Chinese Whispers is a children’s game; according to the linked Wikipedia article, it’s called Telephone Game in American English, which better resembles the Italian telefono senza fili (literally, wireless phone).
Regardless of the name, which might stir up some discussion in its British version due to stereotype, the point is it’s a game in which information gets progressively distorted at each step—or I should rather say that opportunity for distortion at each step is embedded in the rules of the game.
Information is usually distorted by the environment (i.e. by the challenge of quickly whispering words one player to each other), but there’s always the chance that a player intentionally changes the message. This makes often the game a bit less funny (the funniest realizations—at least to me—are the ones in which the changes are unintentional), but results in no big deal; the message has no real utility.
In the real world, messages are usually important in being meant to have some effect on the recipient, and intentional distortion becomes an issue because the distortion is motivated by the hidden agenda of the player (or in general actor, in this context) that distorts the message.
In science this issues can rise in the way scientific results are presented to the general public, and also in the way results are presented to a public of peers; I will discuss two recent examples that bothered me a bit.
The first example is the popular book The Order of Time by Carlo Rovelli. In the book, Rovelli argues essentially that time is a sort of emergent property rather than a fundamental entity. The book has been followed by a series of interviews and articles in the press, which helped popularize it and certainly pumped up sales.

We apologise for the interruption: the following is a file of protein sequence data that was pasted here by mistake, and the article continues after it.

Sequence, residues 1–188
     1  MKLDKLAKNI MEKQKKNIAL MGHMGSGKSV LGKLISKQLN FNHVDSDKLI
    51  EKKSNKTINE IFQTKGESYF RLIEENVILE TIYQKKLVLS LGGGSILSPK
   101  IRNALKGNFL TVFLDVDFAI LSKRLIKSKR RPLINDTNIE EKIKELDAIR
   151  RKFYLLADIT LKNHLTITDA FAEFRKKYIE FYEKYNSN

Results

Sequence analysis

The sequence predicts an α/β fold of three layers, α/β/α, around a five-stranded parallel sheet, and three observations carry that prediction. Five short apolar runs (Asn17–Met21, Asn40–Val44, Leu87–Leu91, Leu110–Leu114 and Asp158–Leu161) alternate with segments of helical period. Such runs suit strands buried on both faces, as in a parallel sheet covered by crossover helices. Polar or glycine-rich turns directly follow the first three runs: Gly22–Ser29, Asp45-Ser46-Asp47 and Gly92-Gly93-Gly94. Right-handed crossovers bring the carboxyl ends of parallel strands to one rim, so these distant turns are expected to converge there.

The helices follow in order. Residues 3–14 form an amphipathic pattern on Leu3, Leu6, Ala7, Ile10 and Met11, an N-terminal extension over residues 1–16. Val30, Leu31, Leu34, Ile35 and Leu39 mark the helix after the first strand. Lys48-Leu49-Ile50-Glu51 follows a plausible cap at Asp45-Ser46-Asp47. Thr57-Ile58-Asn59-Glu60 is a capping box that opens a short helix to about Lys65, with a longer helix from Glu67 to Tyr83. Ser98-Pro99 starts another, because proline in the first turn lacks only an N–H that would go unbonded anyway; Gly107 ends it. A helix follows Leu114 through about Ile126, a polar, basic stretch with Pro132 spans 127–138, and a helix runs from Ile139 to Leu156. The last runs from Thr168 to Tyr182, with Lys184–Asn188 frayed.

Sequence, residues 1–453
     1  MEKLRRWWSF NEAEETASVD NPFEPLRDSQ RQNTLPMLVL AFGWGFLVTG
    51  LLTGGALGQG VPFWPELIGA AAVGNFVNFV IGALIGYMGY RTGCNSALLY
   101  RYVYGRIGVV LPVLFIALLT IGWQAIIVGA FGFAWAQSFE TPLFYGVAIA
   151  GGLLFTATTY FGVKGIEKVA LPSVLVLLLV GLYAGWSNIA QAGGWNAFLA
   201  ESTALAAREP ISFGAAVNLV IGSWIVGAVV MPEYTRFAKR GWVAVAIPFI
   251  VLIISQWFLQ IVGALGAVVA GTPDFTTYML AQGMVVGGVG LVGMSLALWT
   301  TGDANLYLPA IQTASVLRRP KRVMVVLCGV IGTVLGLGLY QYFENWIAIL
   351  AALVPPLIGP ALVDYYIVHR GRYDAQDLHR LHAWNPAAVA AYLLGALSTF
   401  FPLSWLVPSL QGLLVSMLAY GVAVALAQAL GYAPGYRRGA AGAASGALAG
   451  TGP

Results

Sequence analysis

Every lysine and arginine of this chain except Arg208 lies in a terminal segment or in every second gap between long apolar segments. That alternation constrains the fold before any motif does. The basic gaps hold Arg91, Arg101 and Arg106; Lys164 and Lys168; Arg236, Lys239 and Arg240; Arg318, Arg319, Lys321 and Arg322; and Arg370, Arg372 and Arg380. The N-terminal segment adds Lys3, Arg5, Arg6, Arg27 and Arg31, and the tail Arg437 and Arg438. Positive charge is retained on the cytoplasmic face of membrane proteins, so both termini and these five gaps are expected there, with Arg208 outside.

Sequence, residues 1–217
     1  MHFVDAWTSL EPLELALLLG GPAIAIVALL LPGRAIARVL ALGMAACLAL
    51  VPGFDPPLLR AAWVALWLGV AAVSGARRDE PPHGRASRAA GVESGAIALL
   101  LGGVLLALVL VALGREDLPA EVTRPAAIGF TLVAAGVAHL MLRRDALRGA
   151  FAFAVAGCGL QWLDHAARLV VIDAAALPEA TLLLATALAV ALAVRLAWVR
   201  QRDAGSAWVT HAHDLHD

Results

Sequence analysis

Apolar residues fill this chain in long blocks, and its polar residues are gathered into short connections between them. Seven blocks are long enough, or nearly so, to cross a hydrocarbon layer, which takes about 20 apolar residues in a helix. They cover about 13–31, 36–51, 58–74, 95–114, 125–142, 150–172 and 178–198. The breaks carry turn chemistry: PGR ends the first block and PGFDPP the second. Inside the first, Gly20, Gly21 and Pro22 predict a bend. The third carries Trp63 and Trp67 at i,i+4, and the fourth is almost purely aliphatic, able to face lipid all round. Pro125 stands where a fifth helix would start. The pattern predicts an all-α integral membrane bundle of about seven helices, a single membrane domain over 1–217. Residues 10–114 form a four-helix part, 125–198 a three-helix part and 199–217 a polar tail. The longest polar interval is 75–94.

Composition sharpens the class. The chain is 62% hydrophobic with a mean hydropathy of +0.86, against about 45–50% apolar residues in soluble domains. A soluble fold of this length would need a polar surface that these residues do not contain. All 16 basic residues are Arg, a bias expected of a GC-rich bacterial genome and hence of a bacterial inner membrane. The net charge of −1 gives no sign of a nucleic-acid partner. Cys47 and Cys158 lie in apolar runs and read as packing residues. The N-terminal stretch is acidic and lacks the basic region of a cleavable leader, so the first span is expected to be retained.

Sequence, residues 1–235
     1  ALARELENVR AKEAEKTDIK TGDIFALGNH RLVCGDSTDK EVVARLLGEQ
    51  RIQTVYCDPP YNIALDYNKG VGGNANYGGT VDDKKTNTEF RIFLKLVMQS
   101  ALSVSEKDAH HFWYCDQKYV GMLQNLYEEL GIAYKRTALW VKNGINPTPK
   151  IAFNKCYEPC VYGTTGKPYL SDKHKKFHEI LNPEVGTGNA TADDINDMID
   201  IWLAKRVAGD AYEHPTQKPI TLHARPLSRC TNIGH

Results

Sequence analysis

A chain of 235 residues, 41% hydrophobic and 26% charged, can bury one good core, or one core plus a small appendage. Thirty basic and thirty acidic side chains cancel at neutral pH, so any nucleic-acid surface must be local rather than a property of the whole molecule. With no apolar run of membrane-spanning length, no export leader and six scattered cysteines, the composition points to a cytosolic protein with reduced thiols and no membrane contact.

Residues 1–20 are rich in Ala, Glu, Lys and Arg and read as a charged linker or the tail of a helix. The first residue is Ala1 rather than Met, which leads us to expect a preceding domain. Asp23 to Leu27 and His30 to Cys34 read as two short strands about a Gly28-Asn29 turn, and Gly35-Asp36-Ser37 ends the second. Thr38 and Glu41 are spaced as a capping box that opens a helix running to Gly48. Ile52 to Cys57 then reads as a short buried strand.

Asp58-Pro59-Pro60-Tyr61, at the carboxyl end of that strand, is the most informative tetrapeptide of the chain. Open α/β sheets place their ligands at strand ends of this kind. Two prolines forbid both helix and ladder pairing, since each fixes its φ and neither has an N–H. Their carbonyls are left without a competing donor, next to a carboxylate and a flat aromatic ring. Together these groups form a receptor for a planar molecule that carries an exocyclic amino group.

The book—and the general attitude shown in press articles and interviews—creates huge harm, though, because the notion that sticks with the layman is precisely that time does not exist. While this is certainly an interesting theory, worth discussion and scientific exploration (if feasible), it is a theory. A fancy, interesting theory that is not supported by any evidence whatsoever, at this moment in time (pun intended).
I think that selling (because the issue here is selling) a theory as if it was a fact is seriously damaging both the public and the community, with the aggravating factor that the public is defenseless; the public just trusts whatever is written in a popular book or in a press article, regardless of the truth—as the Trump campaign taught us. Furthermore, unfortunately the general public does not go and check more informed reports such as an article from Nature which points out that the theory is just Rovelli’s theory and that the layman should not buy the theory as if it was the truth.